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Happy Valentine’s Day!

We were going to go out but it was one of those days. The reservations never got made so we’re going to have a pizza fest — 3 kinds — and a big salad. Today we took advantage of decent weather to get work done outside. Jim spent a bunch of time cleaning up in front of the barn doors. It’s an ongoing project to keep that spot as clear as possible. Any time the temps are above freezing and there’s even a little sun working on the snow and ice, we have another shot at making the build-up go away. A couple of years ago, we had a big snow followed by a big rain followed by a big freeze and we had to get the sheep into the barn for shearing. There wasn’t any way to defrost that huge ledge of ice in front of the doors so we shortened them a bit. Yes! we actually cut the bottoms off. 

I dug through some more fleeces and checked the stash of white ones I’ve been collecting.  We’ve had so few white sheep for so many years that it’s been difficult to get any white yarn made. It really doesn’t make sense, economically, to send off just a couple of fleeces.  It looks like there may be enough to send off now.  While looking through them, I found myself not wanting to part with them…I don’t know why I have such a problem with this. Maybe it’s because in my heart, I love fleeces just the way they are and I wonder whether that has to do with having learned to spin in the grease (before it’s been washed) — thanks to Betty O., my wonderful (and patient) teacher.  To some (maybe most) handspinners, this way is unappealing — you do get your hands “dirty” (if you think lanolin & suint is dirt) but surely seeing  the fleece as it grew on the animal, the smell of fresh fleece, the liquid feel of lanolin as the fiber glides through your fingers — there’s a connection to the animal that makes it worth having to wash your hands.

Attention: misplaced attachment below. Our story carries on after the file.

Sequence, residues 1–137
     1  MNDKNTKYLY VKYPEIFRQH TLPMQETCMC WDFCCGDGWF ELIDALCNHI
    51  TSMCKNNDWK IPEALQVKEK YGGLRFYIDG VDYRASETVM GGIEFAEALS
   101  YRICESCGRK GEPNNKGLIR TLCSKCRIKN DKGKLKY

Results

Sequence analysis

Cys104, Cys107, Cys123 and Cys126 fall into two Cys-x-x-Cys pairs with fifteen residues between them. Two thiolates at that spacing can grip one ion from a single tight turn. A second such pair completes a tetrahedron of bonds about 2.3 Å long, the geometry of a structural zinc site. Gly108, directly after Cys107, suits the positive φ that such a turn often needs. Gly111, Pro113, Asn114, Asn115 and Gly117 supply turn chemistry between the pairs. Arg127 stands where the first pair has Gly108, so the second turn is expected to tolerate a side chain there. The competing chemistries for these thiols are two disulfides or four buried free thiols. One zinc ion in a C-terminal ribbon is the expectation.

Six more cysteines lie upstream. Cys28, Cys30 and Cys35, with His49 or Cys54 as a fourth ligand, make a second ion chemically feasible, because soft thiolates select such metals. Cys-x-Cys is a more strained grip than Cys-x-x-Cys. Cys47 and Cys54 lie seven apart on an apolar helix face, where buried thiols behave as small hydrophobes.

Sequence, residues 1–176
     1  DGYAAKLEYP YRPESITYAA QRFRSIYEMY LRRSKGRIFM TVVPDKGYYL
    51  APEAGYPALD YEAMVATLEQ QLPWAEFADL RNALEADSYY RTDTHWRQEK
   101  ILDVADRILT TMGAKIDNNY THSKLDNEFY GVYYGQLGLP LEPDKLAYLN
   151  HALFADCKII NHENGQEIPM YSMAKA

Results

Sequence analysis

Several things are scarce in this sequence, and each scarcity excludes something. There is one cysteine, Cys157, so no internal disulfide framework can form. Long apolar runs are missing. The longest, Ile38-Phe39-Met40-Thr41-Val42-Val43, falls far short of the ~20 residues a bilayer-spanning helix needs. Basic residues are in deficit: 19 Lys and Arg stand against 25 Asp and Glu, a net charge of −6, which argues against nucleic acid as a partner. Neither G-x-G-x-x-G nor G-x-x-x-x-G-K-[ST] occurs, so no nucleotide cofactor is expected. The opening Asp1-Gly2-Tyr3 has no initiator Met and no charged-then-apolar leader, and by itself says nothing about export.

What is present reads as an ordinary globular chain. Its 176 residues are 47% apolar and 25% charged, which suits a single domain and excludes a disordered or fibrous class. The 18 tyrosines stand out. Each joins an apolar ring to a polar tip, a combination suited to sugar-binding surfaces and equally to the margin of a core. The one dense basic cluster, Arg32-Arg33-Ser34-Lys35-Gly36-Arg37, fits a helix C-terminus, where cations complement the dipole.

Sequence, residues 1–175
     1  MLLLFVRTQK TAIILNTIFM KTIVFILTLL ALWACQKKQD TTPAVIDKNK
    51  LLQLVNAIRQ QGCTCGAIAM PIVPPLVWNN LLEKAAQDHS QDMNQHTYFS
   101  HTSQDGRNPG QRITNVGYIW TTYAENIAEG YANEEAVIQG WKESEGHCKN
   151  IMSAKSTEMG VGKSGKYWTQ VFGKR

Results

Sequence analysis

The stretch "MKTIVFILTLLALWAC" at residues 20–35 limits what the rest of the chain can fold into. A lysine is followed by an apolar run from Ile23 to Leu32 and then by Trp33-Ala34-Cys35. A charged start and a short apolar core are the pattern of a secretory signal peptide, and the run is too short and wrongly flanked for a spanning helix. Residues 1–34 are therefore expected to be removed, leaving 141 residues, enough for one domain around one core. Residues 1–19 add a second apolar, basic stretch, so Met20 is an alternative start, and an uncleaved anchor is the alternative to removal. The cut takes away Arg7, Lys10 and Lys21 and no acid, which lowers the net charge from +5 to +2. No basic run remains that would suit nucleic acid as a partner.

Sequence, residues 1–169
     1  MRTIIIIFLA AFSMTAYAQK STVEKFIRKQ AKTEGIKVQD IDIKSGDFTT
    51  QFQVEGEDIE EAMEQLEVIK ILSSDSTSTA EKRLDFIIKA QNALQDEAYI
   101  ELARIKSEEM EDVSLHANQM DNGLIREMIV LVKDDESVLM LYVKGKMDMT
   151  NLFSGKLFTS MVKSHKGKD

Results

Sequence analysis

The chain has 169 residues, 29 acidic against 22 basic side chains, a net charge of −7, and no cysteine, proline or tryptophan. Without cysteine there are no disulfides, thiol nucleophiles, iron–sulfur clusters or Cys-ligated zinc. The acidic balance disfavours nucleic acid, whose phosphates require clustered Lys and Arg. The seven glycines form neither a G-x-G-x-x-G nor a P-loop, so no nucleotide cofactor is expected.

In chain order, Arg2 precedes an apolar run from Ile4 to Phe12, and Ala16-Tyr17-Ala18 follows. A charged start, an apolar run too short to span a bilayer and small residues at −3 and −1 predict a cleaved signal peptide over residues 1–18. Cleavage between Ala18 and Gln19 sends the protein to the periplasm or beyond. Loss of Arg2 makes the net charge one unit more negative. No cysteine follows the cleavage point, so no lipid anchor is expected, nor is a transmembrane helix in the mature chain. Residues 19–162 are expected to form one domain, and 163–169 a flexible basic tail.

Going to pick up another load of hay tomorrow. We’re getting about 12-14 days out of each load.

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